What is your story of strength?
I would say I am very strong, and there are some internal factors, and some external factors. The internal factor is that I have undergone two heart surgeries, and coasted through both of them. The last one was three years ago in February, I was living in Houston, and six months later I moved to Dilley, which is seventy miles south of San Antonio, and began running a legal team that helped women and children seeking asylum and possibly facing deportation.
That leads me to the external factor. All of us encounter human suffering in our lives in different ways, whether in our personal sphere, professional sphere, where we live, and I have had the privilege of meeting hundreds or thousands of women who have fled their countries and who did whatever it took to get their children out of harm’s way and come to the United States. Some people respond to this – to these stories of suffering, of flight and of strength – very emotionally, which is a very humane and understanding way of responding, but you have to kind of steel yourself and try to be strong for that person. I always remind myself that for many of these women, the room we were in–albeit a detention center–was possibly the first safe place they had been for weeks, days, years, possibly their entire lives, and that for many of them, this was the first time they were telling their stories. While I don’t pretend to know what other women have endured, I think it is safe to say that those women I encountered have gone through worse than most.
I guess that is why I like immigration: I hate bullies, and immigrants are, for the most part, the type of people I want living next door, teaching my kids, teaching me, contributing to my community and society. They have grit and strength and resilience, and a sense of adventure. If you think about the type of people that came to this country, that sense of adventure and not knowing what you were about to face, getting through it, and embracing it, it is that same spirit.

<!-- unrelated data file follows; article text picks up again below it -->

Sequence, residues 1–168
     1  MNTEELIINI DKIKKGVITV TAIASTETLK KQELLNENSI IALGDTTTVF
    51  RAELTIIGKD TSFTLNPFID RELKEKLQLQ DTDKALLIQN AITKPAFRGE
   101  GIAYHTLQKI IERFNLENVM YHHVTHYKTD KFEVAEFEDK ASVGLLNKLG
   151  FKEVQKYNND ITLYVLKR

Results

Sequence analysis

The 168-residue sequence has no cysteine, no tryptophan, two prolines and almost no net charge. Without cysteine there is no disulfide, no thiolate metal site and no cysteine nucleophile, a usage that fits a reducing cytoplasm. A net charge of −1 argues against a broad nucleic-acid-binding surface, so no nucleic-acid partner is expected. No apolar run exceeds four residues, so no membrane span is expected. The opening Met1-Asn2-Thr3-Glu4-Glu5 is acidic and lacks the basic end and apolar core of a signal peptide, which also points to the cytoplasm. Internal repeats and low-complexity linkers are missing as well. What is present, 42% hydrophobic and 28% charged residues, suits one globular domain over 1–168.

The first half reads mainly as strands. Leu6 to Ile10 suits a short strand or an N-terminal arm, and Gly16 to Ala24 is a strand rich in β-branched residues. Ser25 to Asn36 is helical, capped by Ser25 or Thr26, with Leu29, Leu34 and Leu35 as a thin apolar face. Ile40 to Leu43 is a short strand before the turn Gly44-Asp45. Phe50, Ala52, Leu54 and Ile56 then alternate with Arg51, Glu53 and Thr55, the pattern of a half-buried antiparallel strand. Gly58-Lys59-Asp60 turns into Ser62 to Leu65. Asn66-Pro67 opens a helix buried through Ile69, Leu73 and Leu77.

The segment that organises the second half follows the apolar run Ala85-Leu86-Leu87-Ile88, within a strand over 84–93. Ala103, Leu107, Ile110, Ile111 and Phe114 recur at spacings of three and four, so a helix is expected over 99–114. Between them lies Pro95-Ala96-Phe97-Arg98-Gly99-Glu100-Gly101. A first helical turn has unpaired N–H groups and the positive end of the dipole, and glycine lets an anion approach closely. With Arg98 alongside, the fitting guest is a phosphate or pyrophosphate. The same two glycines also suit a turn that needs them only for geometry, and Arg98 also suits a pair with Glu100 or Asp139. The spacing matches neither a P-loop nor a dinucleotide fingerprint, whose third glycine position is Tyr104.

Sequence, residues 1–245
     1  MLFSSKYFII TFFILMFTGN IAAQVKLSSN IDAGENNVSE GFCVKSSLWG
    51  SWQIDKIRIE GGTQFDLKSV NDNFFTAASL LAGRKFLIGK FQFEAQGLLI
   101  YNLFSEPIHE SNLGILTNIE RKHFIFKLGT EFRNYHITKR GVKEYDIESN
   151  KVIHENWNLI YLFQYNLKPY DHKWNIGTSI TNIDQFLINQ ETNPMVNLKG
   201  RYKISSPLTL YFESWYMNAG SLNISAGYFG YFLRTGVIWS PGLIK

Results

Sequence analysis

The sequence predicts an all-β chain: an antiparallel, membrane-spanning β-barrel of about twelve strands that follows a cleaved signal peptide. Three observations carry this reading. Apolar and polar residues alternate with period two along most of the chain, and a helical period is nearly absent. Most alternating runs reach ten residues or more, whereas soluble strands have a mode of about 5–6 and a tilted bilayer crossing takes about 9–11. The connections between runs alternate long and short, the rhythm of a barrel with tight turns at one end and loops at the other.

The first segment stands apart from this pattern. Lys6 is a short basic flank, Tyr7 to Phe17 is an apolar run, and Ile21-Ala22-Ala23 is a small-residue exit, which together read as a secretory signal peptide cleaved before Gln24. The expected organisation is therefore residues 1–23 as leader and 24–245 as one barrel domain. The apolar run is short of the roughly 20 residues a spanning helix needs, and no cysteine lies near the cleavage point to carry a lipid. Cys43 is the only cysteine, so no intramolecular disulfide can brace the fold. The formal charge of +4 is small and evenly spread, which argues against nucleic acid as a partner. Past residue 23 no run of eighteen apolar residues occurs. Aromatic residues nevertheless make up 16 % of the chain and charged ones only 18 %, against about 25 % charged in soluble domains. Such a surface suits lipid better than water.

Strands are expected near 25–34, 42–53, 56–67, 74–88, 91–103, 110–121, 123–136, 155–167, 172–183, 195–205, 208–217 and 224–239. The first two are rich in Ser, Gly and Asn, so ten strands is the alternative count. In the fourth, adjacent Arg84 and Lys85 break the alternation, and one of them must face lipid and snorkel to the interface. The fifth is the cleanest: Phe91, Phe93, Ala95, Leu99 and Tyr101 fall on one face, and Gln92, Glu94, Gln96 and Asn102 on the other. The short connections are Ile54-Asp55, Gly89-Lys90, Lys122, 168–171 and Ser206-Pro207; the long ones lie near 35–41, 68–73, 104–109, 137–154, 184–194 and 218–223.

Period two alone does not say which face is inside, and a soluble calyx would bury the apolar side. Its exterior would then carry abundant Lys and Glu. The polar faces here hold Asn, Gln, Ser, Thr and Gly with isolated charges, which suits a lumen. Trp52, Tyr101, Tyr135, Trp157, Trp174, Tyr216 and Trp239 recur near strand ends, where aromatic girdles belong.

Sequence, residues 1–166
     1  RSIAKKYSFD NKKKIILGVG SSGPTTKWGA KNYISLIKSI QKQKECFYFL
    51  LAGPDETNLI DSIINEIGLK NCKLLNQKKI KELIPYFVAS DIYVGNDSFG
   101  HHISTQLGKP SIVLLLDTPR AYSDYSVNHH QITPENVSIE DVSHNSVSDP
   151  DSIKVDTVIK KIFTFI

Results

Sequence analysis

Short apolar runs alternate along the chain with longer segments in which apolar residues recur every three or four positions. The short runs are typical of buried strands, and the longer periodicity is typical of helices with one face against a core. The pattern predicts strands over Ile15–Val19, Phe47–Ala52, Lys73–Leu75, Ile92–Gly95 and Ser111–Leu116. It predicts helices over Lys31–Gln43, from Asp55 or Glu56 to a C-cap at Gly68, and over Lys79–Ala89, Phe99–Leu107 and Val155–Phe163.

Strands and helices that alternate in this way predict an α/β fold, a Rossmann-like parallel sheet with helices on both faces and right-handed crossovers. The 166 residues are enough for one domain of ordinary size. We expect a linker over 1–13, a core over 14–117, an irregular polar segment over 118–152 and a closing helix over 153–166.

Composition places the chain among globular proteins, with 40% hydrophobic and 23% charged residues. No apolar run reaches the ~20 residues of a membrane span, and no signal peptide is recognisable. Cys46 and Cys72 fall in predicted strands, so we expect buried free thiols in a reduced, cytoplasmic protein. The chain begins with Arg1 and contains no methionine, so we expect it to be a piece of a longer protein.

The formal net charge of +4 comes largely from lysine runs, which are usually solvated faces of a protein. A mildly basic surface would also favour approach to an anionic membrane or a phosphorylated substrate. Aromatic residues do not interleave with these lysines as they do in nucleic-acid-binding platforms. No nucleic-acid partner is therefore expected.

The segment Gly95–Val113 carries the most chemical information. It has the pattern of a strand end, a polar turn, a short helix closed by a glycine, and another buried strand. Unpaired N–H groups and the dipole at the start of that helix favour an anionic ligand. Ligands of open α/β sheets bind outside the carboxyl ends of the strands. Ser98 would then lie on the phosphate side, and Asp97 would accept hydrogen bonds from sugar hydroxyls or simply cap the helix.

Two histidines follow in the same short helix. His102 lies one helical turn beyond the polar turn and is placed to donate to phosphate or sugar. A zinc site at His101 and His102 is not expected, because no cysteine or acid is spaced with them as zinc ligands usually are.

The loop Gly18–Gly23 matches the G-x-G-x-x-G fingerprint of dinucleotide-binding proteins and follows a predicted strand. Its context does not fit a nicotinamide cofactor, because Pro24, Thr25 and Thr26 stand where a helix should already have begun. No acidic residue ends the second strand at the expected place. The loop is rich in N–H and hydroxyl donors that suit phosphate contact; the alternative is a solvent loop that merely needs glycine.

What does being a woman mean to you?
Being a woman means having to do a greater share of the work for less credit and less money. It means having to put up with double standards your entire life, in every single sphere or room you walk into. It means being held to a much higher standard–sometimes an impossible standard–than your male counterparts.
Being a woman means putting up with sexual harassment, and then blaming yourself for feeling like you did doing something wrong or brought it on yourself for the outfit you are wearing or what you said or where you are sitting.
But I also maintain that women are the superior sex– and I say that fully realizing it is sexist and I do not care. I imagine some women say ‘being a woman’ is about having the unique opportunity to bring life into the world, or it is beautiful because you have feminine qualities. None of this is bad, and I do not mean that in a condescending way at all, but I guess that is the point, that everyone has their own opinions and ideas, and that is what comes to mind for me.
Can you tell me about a time you disappointed yourself?
I feel like I disappoint myself every day, and perhaps due to a really bad case of the impostor syndrome. It is not necessarily obvious–I don’t have any problem advocating for myself professionally, I will sit at the front of the room, and will sit at the table along with my male counterparts –but the amount of work to be done right now and the crisis we have on our hands in the immigration sphere in this country is so overwhelming and heartbreaking all at once. I feel, perhaps in a kind of narcissistic way, that the weight of all that is on my shoulders. Thus, I feel that I am never doing enough, and in that sense I disappoint myself every day, because I know that if I do things the right way in my job, I can effect real change and make people’s lives better.